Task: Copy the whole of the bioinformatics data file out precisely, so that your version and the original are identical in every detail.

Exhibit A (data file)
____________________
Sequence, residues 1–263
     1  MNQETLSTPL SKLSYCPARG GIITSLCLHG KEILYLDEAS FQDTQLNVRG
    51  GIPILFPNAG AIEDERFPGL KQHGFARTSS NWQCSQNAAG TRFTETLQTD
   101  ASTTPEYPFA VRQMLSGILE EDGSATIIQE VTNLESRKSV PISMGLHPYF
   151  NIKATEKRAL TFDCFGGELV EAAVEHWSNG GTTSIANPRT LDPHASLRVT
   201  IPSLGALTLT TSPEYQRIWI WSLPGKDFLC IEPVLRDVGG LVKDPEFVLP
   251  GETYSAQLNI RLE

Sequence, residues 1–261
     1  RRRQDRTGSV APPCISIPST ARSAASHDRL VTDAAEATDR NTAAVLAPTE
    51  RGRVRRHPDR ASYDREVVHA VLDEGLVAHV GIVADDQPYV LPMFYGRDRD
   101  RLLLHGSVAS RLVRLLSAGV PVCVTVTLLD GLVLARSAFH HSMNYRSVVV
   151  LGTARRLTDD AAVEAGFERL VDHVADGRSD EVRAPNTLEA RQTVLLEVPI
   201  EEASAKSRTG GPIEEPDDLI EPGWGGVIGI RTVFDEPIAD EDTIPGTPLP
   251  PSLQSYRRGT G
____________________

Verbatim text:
Sequence, residues 1–263
     1  MNQETLSTPL SKLSYCPARG GIITSLCLHG KEILYLDEAS FQDTQLNVRG
    51  GIPILFPNAG AIEDERFPGL KQHGFARTSS NWQCSQNAAG TRFTETLQTD
   101  ASTTPEYPFA VRQMLSGILE EDGSATIIQE VTNLESRKSV PISMGLHPYF
   151  NIKATEKRAL TFDCFGGELV EAAVEHWSNG GTTSIANPRT LDPHASLRVT
   201  IPSLGALTLT TSPEYQRIWI WSLPGKDFLC IEPVLRDVGG LVKDPEFVLP
   251  GETYSAQLNI RLE

Sequence, residues 1–261
     1  RRRQDRTGSV APPCISIPST ARSAASHDRL VTDAAEATDR NTAAVLAPTE
    51  RGRVRRHPDR ASYDREVVHA VLDEGLVAHV GIVADDQPYV LPMFYGRDRD
   101  RLLLHGSVAS RLVRLLSAGV PVCVTVTLLD GLVLARSAFH HSMNYRSVVV
   151  LGTARRLTDD AAVEAGFERL VDHVADGRSD EVRAPNTLEA RQTVLLEVPI
   201  EEASAKSRTG GPIEEPDDLI EPGWGGVIGI RTVFDEPIAD EDTIPGTPLP
   251  PSLQSYRRGT G